Supporters of Councilman Robert Holden hosted a rally on Tuesday, Sept. 22, to encourage him to run for mayor — but were met with protesters who called on him to resign his current post, instead.
About 50 supporters of Holden, who currently represents Council District 30 (which encompasses the Queens neighborhoods of Ridgewood, Glendale, Maspeth, Middle Village, Woodhaven and Woodside), gathered in front of the Maspeth Federal Savings Bank at 56-18 69th St. on Tuesday evening.
They held signs that read “Holden for Mayor,” “NYC Needs Real Leadership,” “Let NYC be safe again,” among others, urging the councilman to consider a run.
Many supporters wore Trump hats and waved “Trump 2020” flags. Others waved large U.S. flags and a banner that read, “We support the NYPD.”
Some of the speakers included longtime supporters Charles Vavruska, former prosecutor and candidate for Queens Borough President Jim Quinn and Community Education Council 24 President Phil Wong.
Several supporters cited Holden’s stance on crime and his opposition to the closing of Rikers Island as a reason for him to run for higher office.
“We need a mayor to stop NYC from going in a spiral, stop the insanity,” Wong, who volunteered in his campaign for City Council, told QNS. “People who live in Forest Hills and Rego Park came and said they’ll have their own rally, many residents and parents shared their views. We need someone to clean up the city, like Giuliani. We have a spike in crime, filthy streets, rats living in trash cans — I, myself, on Queens Boulevard see these trash cans overflowing, but it’s everywhere. It’s sad: We’re still in COVID-19, you’re brewing another pandemic. We need a strong mayor, and we think Holden’s ideal.”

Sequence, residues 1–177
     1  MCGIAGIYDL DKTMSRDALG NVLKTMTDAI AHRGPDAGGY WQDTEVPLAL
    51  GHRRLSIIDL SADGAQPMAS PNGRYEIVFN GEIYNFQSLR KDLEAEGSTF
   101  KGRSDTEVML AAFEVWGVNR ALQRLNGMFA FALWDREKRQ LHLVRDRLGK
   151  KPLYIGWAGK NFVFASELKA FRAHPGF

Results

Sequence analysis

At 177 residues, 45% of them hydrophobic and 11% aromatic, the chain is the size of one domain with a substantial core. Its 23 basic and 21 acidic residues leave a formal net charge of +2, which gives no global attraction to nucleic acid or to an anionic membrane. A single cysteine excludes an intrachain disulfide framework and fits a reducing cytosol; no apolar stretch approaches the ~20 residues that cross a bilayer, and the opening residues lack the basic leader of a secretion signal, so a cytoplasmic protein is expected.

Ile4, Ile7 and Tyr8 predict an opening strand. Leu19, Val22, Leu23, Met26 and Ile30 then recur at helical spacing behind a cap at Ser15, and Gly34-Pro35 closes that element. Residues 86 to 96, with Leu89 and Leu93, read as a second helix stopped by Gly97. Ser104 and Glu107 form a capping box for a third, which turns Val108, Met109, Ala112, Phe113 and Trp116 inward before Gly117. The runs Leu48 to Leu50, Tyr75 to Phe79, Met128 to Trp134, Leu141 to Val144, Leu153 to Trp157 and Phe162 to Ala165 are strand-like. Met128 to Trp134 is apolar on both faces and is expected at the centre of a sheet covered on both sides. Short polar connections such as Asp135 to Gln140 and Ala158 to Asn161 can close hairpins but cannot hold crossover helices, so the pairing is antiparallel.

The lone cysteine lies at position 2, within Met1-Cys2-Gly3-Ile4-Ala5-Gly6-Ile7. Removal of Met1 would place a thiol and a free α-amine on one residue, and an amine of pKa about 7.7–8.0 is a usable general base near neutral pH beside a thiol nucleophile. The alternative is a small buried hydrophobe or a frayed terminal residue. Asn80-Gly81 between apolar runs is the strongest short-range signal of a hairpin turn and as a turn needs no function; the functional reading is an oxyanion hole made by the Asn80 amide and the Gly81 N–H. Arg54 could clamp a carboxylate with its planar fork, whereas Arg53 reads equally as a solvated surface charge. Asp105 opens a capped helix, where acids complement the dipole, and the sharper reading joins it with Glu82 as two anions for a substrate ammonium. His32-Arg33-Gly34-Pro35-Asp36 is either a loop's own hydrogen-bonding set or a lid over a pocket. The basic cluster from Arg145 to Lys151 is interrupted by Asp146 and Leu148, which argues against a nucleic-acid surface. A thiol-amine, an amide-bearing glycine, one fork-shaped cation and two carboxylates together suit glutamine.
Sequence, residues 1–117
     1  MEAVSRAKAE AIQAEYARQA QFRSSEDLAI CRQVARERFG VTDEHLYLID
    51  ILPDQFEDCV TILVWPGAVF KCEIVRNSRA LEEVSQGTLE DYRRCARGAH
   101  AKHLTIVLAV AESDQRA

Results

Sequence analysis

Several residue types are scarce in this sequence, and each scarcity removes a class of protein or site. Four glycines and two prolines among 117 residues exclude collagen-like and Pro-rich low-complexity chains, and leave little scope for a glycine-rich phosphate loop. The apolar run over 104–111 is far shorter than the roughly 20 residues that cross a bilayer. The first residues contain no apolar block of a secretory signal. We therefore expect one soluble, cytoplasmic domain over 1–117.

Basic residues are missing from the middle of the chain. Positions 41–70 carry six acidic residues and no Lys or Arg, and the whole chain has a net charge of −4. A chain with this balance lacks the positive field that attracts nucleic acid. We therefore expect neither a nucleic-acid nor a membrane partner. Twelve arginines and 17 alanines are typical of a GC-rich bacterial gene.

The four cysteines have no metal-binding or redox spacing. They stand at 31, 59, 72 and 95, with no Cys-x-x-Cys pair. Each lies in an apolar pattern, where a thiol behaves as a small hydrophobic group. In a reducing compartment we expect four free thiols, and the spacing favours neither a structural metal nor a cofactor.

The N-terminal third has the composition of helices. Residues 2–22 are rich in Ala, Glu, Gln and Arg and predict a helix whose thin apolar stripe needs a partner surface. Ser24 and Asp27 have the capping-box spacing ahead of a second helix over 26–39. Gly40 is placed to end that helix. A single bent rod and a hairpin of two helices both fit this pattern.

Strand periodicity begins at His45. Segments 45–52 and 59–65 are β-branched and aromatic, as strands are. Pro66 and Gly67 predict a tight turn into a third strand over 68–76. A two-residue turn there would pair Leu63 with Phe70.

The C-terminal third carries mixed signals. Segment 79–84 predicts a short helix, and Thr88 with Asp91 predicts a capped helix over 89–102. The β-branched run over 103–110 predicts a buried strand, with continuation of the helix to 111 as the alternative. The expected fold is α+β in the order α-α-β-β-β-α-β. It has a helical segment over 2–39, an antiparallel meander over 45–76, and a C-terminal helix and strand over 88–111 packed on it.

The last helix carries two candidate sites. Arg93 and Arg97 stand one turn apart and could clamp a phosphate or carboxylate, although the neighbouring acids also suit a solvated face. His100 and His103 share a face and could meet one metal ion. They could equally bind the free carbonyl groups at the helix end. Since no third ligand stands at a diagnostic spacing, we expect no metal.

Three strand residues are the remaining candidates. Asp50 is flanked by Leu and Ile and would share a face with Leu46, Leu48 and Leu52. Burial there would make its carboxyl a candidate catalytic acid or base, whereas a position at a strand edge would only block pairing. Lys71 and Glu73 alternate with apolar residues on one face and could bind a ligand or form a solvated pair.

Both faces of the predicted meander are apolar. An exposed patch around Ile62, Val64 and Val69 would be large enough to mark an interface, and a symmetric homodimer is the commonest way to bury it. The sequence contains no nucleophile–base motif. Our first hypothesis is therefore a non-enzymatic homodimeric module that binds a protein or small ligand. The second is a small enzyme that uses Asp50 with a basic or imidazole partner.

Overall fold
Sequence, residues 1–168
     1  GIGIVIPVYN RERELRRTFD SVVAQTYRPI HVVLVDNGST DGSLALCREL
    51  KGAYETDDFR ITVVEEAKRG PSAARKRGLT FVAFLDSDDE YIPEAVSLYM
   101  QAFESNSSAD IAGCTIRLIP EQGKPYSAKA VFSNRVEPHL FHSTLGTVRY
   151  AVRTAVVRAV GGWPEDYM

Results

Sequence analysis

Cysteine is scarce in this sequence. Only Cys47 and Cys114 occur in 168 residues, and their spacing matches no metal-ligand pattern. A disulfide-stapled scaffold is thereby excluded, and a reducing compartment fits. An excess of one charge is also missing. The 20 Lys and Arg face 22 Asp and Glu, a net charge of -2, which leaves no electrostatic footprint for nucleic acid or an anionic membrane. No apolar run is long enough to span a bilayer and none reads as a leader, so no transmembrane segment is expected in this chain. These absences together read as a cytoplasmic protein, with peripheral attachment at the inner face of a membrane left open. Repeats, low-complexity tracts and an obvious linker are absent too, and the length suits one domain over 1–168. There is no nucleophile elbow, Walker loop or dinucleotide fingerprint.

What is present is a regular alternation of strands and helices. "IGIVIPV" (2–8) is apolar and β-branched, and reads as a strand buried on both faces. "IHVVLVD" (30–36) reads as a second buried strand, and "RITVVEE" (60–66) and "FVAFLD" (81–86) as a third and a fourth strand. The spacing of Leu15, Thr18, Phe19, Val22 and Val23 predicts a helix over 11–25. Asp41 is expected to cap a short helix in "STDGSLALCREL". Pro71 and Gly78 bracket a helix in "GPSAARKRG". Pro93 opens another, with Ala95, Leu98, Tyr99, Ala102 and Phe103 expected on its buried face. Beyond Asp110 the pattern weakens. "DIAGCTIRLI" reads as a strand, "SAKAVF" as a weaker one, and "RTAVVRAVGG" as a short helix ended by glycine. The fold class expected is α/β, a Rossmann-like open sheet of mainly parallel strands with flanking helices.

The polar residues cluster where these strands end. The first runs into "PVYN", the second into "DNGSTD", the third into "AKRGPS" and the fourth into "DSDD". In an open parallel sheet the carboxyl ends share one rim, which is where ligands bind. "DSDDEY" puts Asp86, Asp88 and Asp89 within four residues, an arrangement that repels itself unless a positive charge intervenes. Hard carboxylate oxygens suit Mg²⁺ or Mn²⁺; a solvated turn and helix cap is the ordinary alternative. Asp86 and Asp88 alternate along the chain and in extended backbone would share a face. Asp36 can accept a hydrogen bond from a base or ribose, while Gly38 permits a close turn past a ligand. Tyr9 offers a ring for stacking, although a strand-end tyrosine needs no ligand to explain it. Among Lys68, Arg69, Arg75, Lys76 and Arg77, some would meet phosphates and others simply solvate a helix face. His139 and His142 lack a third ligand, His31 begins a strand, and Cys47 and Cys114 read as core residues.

Shortly after the rally began, a group of about two dozen protesters set up across the street, many of whom were members of the Ridgewood Tenants Union.
Bicyclists protected the protesters on either side, while police officers put up a barricade to prevent them from entering the busy intersection.
Protesters held signs that read “Holden hurts our neighborhood,” “Vote Bob out in 2020” and “We keep us safe.”
Many of the protesters cited Holden’s support for U.S. Immigration and Customs Enforcement (ICE) and his push to close the homeless shelter in Glendale as a reason to oppose his run.
“We need Bob Holden to resign,” RTU wrote on Twitter. “He is harmful to our community and instead of supporting the most vulnerable of our neighbors, he makes them a target. We can’t let this racist continue to be in power.”
Juan Ardila, who is running for Holden’s seat, joined the counter-protesters. He said he lives nearby and needed to show up to the counter-protest when he heard of the rally to recruit Holden for mayor.
Toward the end of the rally, as counter-protesters chanted, “No racists, supporters,” Vavruska took the mic on the side of the Holden rally to address them.
“Listen, everybody sees what’s going on,” said Vavruska. “You see the craziness, you see the crime, you see the riots, and these snot-noses over here, they’re the ones responsible for it. I don’t know if anybody out here remembers the ’70s — I remember the ’70s, I remember how it was. But when it gets like that, they’re gonna be running back to mommy and daddy’s house to the suburbs or wherever it is, and they’re gonna stop getting their rent paid by their parents’ trust funds. But we’re gonna stay here and we’re going to fight, and we’re going to elect Bob Holden the next mayor of New York City.”
— Dean_Moses (@Dean_Moses) September 22, 2020
Holden was not in attendance at the rally.
“I was humbled when I heard about this, and I certainly appreciate the support,” said Holden. “We have great people in District 30 and I’m focused on being the best Council member I can be. I plan to run for re-election to the NYC Council and will announce in the near future.”
Although Holden shut down the calls for his run for mayor, Wong is hopeful he’ll reconsider.
“If the turnout was higher, I would think he’d give it another look,” said Wong. “All movements start out small.”
Holden has not yet filed for re-election for his City Council seat. He’s served as councilman since 2018. After losing the Democratic primary race to then-incumbent Elizabeth Crowley, Holden won the general election by running on four party lines, including the Republican Party.